“President Biden is taking bold action to build America’s clean energy future, and Secretary Haaland is leading the way forward on offshore wind,” said Chair Mallory. “Groundbreaking renewable energy projects like those here in Humboldt County will not only power American homes with affordable energy, but will create good-paying union jobs. While this is a step in the right direction, there is still much more work to be done to tackle the climate crisis, which is why it is so important to move forward with President Biden’s Build Back Better Agenda and the Bipartisan Infrastructure Deal.”
The leaders discussed the needs of California’s offshore wind industry, planned port upgrades, workforce training and community and Tribal engagement.
Open-air port terminal space and high lift capacities will be necessary for the staging, construction and deployment of floating offshore wind turbines off California’s north coast. Ports such as Humboldt Bay, and others throughout the United States, will help attract the offshore wind supply chain, create good-paying jobs and attract economic development in the local area.
Today’s event reflects the Biden-Harris administration’s commitment to develop 30 gigawatts (GW) of offshore wind energy by 2030, which will create an estimated 80,000 jobs. It also builds on the May 2021 agreement by the Departments of the Interior, Defense and the State of California to accelerate wind energy offshore the central and northern coasts of California. It comes as the Intergovernmental Panel on Climate Change (IPCC)’s recent report found that climate change is impacting the planet in unprecedented ways, with a call for urgent action across the globe.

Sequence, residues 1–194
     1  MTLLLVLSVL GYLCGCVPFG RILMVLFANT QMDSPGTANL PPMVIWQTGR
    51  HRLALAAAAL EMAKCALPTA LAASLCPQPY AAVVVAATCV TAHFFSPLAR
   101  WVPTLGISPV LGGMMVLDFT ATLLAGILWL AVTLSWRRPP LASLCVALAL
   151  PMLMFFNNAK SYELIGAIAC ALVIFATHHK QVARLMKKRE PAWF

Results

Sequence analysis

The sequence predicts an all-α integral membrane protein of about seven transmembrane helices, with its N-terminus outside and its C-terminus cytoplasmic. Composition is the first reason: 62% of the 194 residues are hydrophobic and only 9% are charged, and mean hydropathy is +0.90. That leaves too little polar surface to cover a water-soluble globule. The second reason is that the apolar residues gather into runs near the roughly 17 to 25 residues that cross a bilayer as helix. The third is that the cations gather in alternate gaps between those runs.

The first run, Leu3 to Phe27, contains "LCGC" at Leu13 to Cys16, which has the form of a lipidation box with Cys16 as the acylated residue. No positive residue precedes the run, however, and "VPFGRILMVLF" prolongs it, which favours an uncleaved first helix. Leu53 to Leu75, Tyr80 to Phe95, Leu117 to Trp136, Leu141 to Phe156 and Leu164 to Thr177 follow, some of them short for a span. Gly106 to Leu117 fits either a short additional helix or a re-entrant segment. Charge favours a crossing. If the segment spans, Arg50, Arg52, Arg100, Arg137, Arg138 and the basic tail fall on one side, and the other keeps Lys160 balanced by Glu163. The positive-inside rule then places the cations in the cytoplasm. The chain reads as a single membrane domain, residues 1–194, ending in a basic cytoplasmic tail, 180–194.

In July 2021, DOI’s Bureau of Ocean Energy Management (BOEM) announced the designation of the Humboldt Wind Energy Area (WEA), a nearly 132,369-acre (206 square mile) area and is now undertaking environmental analysis for future leasing and site assessment activities. BOEM is also moving forward with government-to-government Tribal consultation.
The Humboldt WEA is approximately 275 miles north of San Francisco and begins at 21 miles offshore the City of Eureka, extending seaward out to 35 miles offshore. The WEA can support generation of 1.6 GW of offshore wind energy, enough to power more than 500,000 homes. Additional information on the Humboldt WEA can be found on BOEM's California Activities website.
Humboldt County Offshore Wind
Secretary of the Interior Deb Haaland and White House Council on Environmental Quality Chair Brenda Mallory Build on a Foundation of Local Energy Resiliency Efforts